A gritty BJ Watling, New Zealand’s go-to man when the chips are down, produced an unbeaten 119 to put the Black Caps ahead of England in the first innings of the opening Test on Saturday.

At stumps on day three in Mount Maunganui, New Zealand were 394/6 to lead England by 41.

The 34-year-old Watling, with a reputation for producing his best when the going is tough, has toiled under a blazing sun for almost seven hours to rescue New Zealand from a precarious situation and notch his eighth Test century.

Much of it was in partnership with Colin de Grandhomme in a 119-run stand for the sixth wicket and followed by an unbroken 78 with Mitchell Santner, who was 31 not out at stumps.

When de Grandhomme joined Watling New Zealand were 197/5, with all their recognised batsmen gone and England’s 353 looking a long way off.

The dismissal of Henry Nicholls for 41 before lunch had the tourists feeling they were heading for a comfortable first innings lead, but Watling patiently chipped away at the deficit.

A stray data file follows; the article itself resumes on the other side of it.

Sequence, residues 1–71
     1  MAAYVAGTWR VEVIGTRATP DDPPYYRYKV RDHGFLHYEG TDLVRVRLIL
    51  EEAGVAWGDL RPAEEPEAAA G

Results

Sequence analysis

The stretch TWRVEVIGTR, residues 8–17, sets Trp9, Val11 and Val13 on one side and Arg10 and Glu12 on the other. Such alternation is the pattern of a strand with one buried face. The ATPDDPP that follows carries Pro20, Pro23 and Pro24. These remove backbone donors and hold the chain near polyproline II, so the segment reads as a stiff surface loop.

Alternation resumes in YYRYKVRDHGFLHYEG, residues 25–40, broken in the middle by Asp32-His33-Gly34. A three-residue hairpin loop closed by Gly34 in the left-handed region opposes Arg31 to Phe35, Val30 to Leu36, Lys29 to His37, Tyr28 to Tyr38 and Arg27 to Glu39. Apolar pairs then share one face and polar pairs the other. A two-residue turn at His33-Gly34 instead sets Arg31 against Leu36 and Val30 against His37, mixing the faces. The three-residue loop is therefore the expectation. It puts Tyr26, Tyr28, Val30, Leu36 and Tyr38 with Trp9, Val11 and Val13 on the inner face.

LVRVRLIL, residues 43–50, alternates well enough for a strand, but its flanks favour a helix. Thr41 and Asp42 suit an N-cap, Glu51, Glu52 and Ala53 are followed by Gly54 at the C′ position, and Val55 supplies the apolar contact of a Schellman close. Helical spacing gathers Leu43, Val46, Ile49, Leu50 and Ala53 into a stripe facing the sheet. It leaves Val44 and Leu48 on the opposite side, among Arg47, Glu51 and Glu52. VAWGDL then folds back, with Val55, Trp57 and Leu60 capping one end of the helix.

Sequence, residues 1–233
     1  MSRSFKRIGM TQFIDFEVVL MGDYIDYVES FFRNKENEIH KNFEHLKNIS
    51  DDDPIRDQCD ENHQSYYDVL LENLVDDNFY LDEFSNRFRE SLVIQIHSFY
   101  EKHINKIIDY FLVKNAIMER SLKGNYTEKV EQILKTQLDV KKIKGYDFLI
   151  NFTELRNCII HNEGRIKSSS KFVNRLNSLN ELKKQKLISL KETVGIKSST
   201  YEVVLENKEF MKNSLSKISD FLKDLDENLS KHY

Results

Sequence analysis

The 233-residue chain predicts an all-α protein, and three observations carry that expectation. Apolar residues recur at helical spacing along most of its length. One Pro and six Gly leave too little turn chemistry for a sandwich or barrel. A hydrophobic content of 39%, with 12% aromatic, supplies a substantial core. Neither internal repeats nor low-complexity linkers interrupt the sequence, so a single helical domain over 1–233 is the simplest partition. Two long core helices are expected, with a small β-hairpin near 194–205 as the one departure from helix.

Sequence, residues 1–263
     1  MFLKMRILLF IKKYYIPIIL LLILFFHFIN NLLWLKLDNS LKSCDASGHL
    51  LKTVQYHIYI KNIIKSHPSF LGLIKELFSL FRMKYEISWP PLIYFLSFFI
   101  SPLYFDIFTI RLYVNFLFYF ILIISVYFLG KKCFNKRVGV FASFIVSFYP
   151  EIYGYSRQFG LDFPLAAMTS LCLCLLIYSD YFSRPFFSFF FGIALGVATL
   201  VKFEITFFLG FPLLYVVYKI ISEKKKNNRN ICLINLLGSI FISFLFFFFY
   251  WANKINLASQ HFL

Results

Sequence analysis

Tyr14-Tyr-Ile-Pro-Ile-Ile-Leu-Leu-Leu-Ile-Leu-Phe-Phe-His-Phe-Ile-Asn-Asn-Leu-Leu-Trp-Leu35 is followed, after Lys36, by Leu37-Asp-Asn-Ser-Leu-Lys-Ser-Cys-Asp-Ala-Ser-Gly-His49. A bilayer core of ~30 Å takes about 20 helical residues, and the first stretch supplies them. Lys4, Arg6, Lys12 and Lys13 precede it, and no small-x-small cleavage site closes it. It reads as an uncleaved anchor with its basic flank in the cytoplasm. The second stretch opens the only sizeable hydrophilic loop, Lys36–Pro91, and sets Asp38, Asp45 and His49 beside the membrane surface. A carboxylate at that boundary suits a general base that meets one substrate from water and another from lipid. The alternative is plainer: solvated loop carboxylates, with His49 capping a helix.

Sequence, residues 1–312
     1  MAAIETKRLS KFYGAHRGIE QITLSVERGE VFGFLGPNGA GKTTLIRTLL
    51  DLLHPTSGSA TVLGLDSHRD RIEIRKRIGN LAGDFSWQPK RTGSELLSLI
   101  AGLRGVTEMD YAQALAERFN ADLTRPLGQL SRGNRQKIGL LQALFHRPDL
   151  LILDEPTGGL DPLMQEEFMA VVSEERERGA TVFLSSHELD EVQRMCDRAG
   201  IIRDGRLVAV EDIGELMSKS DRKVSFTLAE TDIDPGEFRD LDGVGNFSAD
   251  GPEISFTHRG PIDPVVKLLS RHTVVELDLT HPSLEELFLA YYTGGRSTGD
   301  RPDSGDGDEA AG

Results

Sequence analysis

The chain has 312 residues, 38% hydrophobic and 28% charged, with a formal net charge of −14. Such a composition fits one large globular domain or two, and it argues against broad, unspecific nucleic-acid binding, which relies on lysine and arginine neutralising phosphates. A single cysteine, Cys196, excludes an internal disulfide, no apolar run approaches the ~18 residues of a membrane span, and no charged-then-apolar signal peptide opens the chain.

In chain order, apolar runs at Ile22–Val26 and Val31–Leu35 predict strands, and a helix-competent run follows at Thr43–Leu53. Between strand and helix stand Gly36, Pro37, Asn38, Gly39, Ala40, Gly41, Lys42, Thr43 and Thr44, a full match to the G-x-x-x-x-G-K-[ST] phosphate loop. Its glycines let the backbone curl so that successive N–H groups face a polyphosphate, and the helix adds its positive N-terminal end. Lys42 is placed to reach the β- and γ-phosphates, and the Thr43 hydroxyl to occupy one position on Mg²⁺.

De Grandhomme, meanwhile, characteristically punished anything loose with a six and seven fours as he raced to 65.

Stokes was surprisingly kept out of the attack through the onslaught until the first ball after tea, when he had instant success.

De Grandhomme slashed at a wide delivery which Dom Sibley grasped one-handed in the gully and the New Zealand all-rounder, having just returned to the crease, immediately went back to the dressing room.

Watling, carrying on with Mitchell Santner as his partner, levelled the scores turning Sam Curran to the fine-leg boundary and then put New Zealand ahead with a single through square leg.

Despite fears from both sides the previous day that the Bay Oval pitch would start to deteriorate it during its debut Test, the grounds offered little support for the fast bowlers, although Somerset spinner Jack Leach was able to extract some turn.

Watling has been involved in three of the six best New Zealand partnerships for the sixth-wicket.

He scored 124 when partnering Brendon McCullum in a 352-run stand – then a sixth-wicket world record – to save a Test against India in 2014.

The following year he broke that record in a 365-run effort with Kane Williamson against Sri Lanka and a few months later scored a century at Leeds in a famous win against England.

Against Sri Lanka in August, New Zealand won the second Test to square the series when Watling scored an unbeaten 105 in a 113-run sixth-wicket stand with de Grandhomme.